Introductions to the Readings for Easter Sunday
Isaiah 65: 17 - 25
Luke 24 : 1-12
Isaiah 65: 17-25
Isaiah invites people today to consider how our experience of God’s holiness changes the world for us.
We may not feel a great need to domesticate lions, but what would the world look like if children did not die from disease or gun violence, if adults had complete access to the best medical care, and if everyone earned a livable wage and could provide for their families without anxiety?
Isaiah tells us that this is the world that worship should invite us to imagine.
New Heavens and a New Earth
17 “See, I will create
new heavens and a new earth.
The former things will not be remembered,
nor will they come to mind.
18 But be glad and rejoice forever
in what I will create,
for I will create Jerusalem to be a delight
and its people a joy.
19 I will rejoice over Jerusalem
and take delight in my people;
the sound of weeping and of crying
will be heard in it no more.
20 “Never again will there be in it
an infant who lives but a few days,
or an old man who does not live out his years;
the one who dies at a hundred
will be thought a mere child;
the one who fails to reach a hundred
will be considered accursed.
21 They will build houses and dwell in them;
they will plant vineyards and eat their fruit.
22 No longer will they build houses and others live in them,
or plant and others eat.For as the days of a tree,
so will be the days of my people;
my chosen ones will long enjoy
the work of their hands.
23 They will not labor in vain,
nor will they bear children doomed to misfortune;
for they will be a people blessed by the Lord,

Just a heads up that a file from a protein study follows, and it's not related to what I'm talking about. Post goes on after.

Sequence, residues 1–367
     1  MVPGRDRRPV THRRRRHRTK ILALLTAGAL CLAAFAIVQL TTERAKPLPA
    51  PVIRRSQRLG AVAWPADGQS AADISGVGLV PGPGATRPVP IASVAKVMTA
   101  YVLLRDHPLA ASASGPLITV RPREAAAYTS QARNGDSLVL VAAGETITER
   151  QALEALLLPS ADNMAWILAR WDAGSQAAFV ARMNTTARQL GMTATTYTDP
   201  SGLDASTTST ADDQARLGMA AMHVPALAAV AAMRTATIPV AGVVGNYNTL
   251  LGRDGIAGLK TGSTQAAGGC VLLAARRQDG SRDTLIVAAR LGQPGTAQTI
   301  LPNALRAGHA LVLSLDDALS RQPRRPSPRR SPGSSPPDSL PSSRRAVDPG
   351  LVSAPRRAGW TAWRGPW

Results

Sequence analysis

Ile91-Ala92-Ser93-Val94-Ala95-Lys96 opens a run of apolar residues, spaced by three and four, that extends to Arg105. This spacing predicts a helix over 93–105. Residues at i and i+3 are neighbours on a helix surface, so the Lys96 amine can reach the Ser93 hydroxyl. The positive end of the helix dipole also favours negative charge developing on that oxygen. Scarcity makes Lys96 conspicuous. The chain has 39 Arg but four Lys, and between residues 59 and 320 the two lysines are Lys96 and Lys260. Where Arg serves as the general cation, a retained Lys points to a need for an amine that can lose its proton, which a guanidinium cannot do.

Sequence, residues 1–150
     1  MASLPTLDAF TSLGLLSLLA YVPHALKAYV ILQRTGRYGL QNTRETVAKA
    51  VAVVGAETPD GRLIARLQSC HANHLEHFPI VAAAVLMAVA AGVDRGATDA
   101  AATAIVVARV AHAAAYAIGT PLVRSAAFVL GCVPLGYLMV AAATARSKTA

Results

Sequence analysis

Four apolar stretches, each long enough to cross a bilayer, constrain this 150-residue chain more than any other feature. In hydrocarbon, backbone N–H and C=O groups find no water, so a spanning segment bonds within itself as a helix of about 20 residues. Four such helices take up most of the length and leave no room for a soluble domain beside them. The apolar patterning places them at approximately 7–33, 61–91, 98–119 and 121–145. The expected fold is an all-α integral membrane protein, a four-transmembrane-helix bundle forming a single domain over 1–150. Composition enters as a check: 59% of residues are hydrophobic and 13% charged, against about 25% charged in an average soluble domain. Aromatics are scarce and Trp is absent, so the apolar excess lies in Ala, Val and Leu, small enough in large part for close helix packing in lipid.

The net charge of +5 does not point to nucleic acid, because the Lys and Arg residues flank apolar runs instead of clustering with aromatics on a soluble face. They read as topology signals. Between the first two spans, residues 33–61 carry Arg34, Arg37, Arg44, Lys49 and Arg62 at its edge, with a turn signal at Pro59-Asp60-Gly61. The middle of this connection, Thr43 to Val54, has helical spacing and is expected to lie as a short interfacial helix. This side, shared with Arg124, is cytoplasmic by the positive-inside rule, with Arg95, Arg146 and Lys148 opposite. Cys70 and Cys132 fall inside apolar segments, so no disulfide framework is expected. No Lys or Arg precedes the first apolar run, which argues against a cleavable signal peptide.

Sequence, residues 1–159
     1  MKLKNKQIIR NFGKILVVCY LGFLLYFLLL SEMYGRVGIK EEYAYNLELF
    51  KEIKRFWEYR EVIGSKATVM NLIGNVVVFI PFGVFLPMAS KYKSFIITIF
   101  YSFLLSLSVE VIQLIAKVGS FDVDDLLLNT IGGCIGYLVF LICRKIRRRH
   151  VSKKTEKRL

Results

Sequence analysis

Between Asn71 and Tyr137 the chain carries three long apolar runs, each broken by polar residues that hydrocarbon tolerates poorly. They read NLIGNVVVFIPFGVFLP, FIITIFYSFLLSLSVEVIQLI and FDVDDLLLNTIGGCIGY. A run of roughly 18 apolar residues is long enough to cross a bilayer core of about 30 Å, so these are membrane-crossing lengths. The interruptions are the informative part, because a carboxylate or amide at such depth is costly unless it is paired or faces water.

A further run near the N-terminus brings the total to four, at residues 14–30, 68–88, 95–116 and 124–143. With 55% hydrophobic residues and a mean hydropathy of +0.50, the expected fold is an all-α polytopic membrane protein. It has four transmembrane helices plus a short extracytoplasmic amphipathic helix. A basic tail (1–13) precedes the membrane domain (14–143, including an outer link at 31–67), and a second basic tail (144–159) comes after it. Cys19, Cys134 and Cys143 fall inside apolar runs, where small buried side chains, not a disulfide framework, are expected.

they and their descendants with them.
24 Before they call I will answer;
while they are still speaking I will hear.
25 The wolf and the lamb will feed together,
and the lion will eat straw like the ox,
and dust will be the serpent’s food.
They will neither harm nor destroy
on all my holy mountain,”
says the Lord.
Psalm 118: parts 1,2 and 3 VU 837 and refrain
Luke 24 : 1-12
Our gospel reading from Luke this morning begins with a “‘But, ….”
After the events of that first Easter – Jesus’ betrayal, the cross, the finality of death, the necessity of burial – after all this - this ‘but’ is of the utmost importance.
No-one is expecting more to this story. The gospels are styled around ancient biographies centered on the life and times of a single character. This one has been built around Jesus. Now that death has taken hold there is surely no more to tell.
But now the stone is rolled away and his body is missing. The women stand ‘perplexed’. Even the appearance of two angels and their accompanying message can not bring all to clarity.
Despite all Jesus’ straight talk about the purpose of his coming to Jerusalem, seeing and hoping beyond the grave lingers as an impossibility. After all, death is so final.
And so they report what they have seen and heard to Jesus’ closest friends. Even to these people, their story seems little more than an ‘idle tale’ attributable more to grief than reality.
Yes, something has happened, As they begin to put all the evidence together, the implications seem unfathomable.
Listen to the discovery of The Empty Tomb according to Luke Chapter 24 Versus 1 -12.
Jesus Has Risen
24 But, on the first day of the week, very early in the morning, the women took the spices they had prepared and went to the tomb. 2 They found the stone rolled away from the tomb, 3 but when they entered, they did not find the body of the Lord Jesus. 4 While they were wondering about this, suddenly two men in clothes that gleamed like lightning stood beside them. 5 In their fright the women bowed down with their faces to the ground, but the men said to them, “Why do you look for the living among the dead? 6 He is not here; he has risen! Remember how he told you, while he was still with you in Galilee: 7 ‘The Son of Man must be delivered over to the hands of sinners, be crucified and on the third day be raised again.’ ” 8 Then they remembered his words.
9 When they came back from the tomb, they told all these things to the Eleven and to all the others. 10 It was Mary Magdalene, Joanna, Mary the mother of James, and the others with them who told this to the apostles. 11 But they did not believe the women, because their words seemed to them like nonsense. 12 Peter, however, got up and ran to the tomb. Bending over, he saw the strips of linen lying by themselves, and he went away, wondering to himself what had happened.